Changes to the way Business Central is deployed

In shifting from Dynamics NAV to Dynamics 365 Business Central you need to be aware of the UI changes and how customisation is now accomplished via extensions. However, even if you’re deploying an unmodified version of Business Central, you should still watch out for a few changes that affect the deployment of your ERP:

  • Cloud hosting. You can now choose to run your entire NAV solution as a SaaS, cloud-first instance that’s hosted in Microsoft Azure. It offers the full functionality you’re used to alongside the flexibility of cloud-hosted solutions. The on-premise option remains if on-premise is your preferred mode of deployment, but you may miss out on close integration with cutting-edge Dynamics and Azure services.
  • Upgrades. Business Central adopts a bi-annual release cadence with two significant upgrades every six months. If your Business Central solution is deployed in the cloud you’ll automatically be upgraded, but you do have the option to delay your upgrade for 90 days. Microsoft also offers a handy notification window during which you can easily set up a sandboxed environment to test the new version.
  • Licensing. SaaS solutions are typically priced on a subscription basis, and that is the case with Business Central if deployed in the cloud. This can signal a major change in budgeting processes compared to perpetual licenses. In another shift, Business Central also moves away from licensing that is based on concurrent users to a new model based on the actual number of employees that use Business Central.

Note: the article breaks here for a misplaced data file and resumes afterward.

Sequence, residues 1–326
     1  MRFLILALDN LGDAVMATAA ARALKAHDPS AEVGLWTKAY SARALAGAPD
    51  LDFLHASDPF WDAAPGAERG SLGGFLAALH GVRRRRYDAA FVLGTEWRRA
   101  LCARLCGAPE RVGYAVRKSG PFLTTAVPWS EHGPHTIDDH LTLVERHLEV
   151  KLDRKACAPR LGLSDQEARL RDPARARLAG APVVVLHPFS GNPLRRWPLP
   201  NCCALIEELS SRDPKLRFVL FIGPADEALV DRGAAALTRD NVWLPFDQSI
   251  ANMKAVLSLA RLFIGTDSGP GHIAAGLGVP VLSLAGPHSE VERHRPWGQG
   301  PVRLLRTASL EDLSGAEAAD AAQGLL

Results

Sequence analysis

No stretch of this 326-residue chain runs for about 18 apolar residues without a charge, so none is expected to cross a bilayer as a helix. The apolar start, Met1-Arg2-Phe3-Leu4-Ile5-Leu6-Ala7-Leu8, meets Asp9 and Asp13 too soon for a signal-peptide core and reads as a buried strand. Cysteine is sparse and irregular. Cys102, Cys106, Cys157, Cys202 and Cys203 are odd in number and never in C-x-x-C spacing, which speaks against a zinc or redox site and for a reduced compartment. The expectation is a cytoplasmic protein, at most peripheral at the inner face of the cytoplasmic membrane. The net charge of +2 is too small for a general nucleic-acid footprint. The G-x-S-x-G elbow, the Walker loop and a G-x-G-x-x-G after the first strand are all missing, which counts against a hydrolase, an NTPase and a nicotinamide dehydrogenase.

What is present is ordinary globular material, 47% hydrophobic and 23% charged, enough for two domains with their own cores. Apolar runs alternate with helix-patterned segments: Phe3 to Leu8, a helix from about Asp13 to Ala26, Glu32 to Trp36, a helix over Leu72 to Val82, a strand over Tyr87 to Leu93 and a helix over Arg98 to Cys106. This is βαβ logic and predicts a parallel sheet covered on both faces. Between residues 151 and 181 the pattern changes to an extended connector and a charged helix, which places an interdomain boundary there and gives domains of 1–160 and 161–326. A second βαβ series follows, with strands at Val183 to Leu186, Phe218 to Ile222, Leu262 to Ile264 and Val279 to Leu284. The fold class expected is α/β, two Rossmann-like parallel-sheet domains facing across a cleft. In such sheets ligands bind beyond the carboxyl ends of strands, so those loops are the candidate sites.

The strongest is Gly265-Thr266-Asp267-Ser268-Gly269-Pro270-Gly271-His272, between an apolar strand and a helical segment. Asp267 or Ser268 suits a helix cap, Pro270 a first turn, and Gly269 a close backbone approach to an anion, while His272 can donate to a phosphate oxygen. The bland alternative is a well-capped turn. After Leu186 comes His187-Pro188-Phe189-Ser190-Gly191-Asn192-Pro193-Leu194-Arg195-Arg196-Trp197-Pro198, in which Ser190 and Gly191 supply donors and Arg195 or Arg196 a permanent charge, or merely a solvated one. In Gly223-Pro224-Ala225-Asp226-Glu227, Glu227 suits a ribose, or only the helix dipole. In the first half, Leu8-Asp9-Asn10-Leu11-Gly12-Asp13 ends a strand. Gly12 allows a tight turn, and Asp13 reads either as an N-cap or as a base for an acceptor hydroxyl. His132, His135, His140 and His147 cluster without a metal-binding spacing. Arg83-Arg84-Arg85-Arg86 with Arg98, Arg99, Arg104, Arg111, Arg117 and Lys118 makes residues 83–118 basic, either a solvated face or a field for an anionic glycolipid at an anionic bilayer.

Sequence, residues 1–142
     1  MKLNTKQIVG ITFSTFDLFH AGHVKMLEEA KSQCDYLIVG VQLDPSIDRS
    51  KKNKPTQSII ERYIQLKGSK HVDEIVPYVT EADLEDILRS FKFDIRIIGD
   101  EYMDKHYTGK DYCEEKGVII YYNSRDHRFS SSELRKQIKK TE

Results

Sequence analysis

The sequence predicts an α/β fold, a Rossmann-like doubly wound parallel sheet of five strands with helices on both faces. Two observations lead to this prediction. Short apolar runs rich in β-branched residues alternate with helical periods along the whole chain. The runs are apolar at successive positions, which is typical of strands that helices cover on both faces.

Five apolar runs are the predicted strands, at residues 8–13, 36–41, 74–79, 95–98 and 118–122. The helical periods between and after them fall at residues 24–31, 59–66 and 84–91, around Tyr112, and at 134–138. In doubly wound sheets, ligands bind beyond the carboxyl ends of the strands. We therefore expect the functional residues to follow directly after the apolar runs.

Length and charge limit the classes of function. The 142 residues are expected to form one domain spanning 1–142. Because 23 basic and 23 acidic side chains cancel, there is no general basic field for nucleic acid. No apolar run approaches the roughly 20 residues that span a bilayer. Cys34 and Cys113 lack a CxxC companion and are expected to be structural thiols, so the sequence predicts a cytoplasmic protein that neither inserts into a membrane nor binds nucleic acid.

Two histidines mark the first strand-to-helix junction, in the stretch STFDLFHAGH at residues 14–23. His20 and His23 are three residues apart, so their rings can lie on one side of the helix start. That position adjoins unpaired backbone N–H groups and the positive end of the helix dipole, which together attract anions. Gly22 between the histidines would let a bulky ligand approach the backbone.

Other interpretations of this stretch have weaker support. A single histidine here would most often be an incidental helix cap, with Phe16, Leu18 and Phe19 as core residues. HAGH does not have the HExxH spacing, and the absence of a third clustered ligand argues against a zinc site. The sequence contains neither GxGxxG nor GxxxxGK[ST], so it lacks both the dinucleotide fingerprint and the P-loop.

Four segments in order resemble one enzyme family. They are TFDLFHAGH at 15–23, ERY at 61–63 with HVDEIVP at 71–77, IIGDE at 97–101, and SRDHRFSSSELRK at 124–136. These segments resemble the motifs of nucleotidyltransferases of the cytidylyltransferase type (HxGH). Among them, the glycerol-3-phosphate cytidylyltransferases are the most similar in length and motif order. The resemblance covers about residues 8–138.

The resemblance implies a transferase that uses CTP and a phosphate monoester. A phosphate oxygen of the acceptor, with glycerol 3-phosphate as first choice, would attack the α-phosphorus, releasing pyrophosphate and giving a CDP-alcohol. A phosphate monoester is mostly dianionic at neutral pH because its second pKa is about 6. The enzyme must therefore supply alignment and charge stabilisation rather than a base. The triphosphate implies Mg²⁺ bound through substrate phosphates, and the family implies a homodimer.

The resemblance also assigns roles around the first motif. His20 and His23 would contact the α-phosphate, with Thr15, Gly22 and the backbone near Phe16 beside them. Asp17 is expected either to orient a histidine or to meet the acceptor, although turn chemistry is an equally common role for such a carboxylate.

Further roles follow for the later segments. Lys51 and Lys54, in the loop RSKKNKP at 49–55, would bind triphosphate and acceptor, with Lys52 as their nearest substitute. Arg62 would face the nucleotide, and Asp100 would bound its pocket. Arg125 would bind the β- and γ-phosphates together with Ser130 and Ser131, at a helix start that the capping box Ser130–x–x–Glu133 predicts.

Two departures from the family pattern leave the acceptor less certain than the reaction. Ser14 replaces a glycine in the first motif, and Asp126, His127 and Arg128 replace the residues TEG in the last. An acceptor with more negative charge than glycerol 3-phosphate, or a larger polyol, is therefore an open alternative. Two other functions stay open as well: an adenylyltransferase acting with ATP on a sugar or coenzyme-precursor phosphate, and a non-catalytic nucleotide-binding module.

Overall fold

• You’ll notice the impact of the above changes in the Business Central deployment model as soon as you upgrade from your Dynamics NAV solution – starting with Microsoft’s mapping of concurrent licenses to licenses tied to Named Users.

What’s the next step for your Dynamics NAV solution?

Dynamics NAV is now closed off to new customers – if you’re looking to deploy Microsoft’s ERP solution for SMBs you’ll automatically be redirected to Dynamics 365 Business Central.

For existing Dynamics NAV users, it’s clear that many aspects of NAV have been tweaked or changed in the evolution of Business Central. But, at its core, Business Central is the same product – with the same capable ERP functionality addressed at the same SMB audience.

Nonetheless, in the medium to long term, most users of Dynamics NAV will need to take some action to adopt Business Central. Your version of Dynamics NAV will eventually enter Extended Support and, at some point, no longer receive updates.

Depending on how you currently deploy your NAV solution and, of course, which version of NAV you’re on, you may find that upgrading to Business Central is seamless. Other implementations of NAV will require a bit more work to upgrade. Later in this series, we’ll publish a guide to upgrading from Dynamics NAV to Dynamics Business Central.

There are several obvious business risks to an out-of-support version of NAV. But we suggest that companies make an effort to stay up to date with the shift to Business Central anyway. The newer edition of Dynamics NAV brings significant benefits in terms of practical AI, analytics, and business processes.

Ready to take the leap to Microsoft’s next-gen ERP? Get in touch with Acora to see what you need to do to upgrade – or how your existing business processes can benefit from ERP.